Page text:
MÉTODOS: Vinte pacientes com DW em tratamento regular foram submetidos à avaliação cognitiva com os seguintes testes: Mini-Exame do Estado Mental, escala de demência de Mattis (DRS), fluência verbal, bateria cognitiva breve, desenho do relógio, bacteria de avaliação frontal, Stroop, teste de seleção de cartões de Wisconsin, Hopper, Cubos e ao questionário de Pfeffer. As alterações em RM foram quantificadas. Pacientes com desempenho alterado na DRS foram comparados aos pacientes com desempenho normal.
RESULTADOS: Nove pacientes apresentavam desempenho alterado na DRS. Eles apresentavam menor nivel educacional (9,11±3,58 × 12,82±3,06 anos, respectivamente) e maior quantidade de alterações na RM (9,44±2,74 × 6,27±2,45). A presença de hipersinal no globo pálido na RM foi mais frequente nesse grupo (66,6% × 9,0%), com OR=5,38 (IC 95% 0,85-33,86).
CONCLUSÃO: Alterações cognitivas globais foram frequentes nesta amostra de pacientes com DW e se associaram à baixa escolaridade, quantidade de alterações em RM e a hipersinal no globo pálido à RM.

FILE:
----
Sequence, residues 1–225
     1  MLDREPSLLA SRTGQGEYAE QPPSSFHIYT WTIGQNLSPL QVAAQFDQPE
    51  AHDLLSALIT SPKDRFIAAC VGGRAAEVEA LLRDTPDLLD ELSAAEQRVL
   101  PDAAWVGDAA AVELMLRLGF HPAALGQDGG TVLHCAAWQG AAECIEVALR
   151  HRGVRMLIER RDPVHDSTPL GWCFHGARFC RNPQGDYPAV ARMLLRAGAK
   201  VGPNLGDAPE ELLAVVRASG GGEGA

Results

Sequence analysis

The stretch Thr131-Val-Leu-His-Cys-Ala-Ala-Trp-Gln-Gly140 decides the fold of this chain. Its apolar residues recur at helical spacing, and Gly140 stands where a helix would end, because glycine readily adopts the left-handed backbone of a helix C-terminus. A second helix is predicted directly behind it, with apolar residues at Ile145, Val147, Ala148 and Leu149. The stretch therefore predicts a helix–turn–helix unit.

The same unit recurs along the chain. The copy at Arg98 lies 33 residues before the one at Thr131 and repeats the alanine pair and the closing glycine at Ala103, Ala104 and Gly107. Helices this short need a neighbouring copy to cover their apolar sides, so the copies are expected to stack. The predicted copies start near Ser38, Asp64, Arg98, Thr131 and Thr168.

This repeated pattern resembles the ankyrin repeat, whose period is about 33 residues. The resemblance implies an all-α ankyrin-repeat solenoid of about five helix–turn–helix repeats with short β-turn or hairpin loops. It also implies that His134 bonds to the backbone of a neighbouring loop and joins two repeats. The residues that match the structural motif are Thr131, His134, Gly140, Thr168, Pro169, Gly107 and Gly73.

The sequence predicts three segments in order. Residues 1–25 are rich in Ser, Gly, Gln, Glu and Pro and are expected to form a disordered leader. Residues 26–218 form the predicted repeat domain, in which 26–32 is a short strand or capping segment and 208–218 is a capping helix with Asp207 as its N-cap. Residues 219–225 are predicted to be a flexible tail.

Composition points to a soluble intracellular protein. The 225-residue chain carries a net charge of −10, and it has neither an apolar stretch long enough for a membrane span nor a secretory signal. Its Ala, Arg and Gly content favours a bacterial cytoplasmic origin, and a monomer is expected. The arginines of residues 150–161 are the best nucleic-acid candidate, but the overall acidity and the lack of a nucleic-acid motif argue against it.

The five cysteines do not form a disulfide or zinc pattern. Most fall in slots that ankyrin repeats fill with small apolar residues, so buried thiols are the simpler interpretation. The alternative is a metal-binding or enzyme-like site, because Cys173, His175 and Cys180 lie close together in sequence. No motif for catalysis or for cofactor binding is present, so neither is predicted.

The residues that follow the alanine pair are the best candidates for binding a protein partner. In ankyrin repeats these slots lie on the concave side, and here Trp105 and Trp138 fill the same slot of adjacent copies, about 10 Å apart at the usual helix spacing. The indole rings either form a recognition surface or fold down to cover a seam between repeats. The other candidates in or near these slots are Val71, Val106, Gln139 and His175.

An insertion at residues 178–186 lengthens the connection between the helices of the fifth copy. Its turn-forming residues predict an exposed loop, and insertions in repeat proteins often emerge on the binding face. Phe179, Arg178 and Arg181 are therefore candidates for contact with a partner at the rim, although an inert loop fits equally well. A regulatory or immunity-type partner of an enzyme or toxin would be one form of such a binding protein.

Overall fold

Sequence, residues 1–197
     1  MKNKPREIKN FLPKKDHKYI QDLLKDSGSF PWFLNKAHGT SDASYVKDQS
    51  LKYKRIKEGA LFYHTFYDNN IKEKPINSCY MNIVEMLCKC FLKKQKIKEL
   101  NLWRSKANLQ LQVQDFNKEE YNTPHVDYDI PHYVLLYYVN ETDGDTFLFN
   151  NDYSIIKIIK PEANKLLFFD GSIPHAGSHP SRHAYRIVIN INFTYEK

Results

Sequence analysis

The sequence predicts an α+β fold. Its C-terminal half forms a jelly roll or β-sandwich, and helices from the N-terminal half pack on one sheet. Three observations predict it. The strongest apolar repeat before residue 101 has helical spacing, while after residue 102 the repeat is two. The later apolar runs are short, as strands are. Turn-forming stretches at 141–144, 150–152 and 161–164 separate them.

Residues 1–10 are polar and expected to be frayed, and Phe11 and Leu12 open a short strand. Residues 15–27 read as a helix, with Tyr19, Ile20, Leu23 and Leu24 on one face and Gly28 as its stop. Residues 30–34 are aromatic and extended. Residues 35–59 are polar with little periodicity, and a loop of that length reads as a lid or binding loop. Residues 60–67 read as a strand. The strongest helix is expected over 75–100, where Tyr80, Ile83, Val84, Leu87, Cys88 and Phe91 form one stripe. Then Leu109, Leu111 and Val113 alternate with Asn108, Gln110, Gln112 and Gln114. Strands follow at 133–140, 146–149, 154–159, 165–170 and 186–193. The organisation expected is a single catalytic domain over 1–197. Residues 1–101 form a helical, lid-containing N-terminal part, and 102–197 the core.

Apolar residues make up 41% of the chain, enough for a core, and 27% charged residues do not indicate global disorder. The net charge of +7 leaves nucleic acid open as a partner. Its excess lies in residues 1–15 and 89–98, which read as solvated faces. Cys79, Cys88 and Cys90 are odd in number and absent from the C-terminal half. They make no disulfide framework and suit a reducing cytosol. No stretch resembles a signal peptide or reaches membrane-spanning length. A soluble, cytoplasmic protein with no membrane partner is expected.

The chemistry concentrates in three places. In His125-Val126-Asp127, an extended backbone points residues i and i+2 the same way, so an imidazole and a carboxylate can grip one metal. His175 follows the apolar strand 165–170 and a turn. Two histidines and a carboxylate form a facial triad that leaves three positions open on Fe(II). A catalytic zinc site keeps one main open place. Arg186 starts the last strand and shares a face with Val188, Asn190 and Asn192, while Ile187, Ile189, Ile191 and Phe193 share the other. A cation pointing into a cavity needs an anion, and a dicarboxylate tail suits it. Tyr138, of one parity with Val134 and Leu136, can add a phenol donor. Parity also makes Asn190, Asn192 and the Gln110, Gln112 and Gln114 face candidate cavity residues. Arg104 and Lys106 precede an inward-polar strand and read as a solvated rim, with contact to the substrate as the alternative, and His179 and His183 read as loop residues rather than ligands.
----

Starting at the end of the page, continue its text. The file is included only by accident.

INTRODUCTION

Wilson's disease (WD) is a rare genetic condition described over 100 years ago, characterized by the accumulation of copper in many organs, including the central nervous system.1

The cognitive symptoms present in the first recorded patients were not studied in depth for some time.2 The first studies assessing cognitive performance described changes in memory and executive functions in patients with neurological symptoms of WD,3,4 raising doubts as to whether the motor symptoms were in fact responsible for the cognitive impairment.3 Patients with only hepatic symptoms did not exhibit cognitive abnormalities.5

In 2002, a study found that patients with lesions restricted to the basal nuclei displayed cognitive changes compared to healthy controls.6 Recently, it has been noted that patients with neurological symptoms but no depressive or anxiety disorders, present cognitive impairment, mainly in executive functions. Furthermore, the number of deficits on cognitive tests was associated with the intensity of brain Magnetic Resonance Imaging (MRI) changes, especially hyperintense signals on T2 images and atrophy.7

A study of 12 patients with WD sought to correlate the topographies of hyperintensities on MRI with cognitive profile and suggested that changes in the putamen are related to worse performance on cognitive tests.8 However, the small number of patients and the fact that only descriptive analysis of the data was performed limit this finding.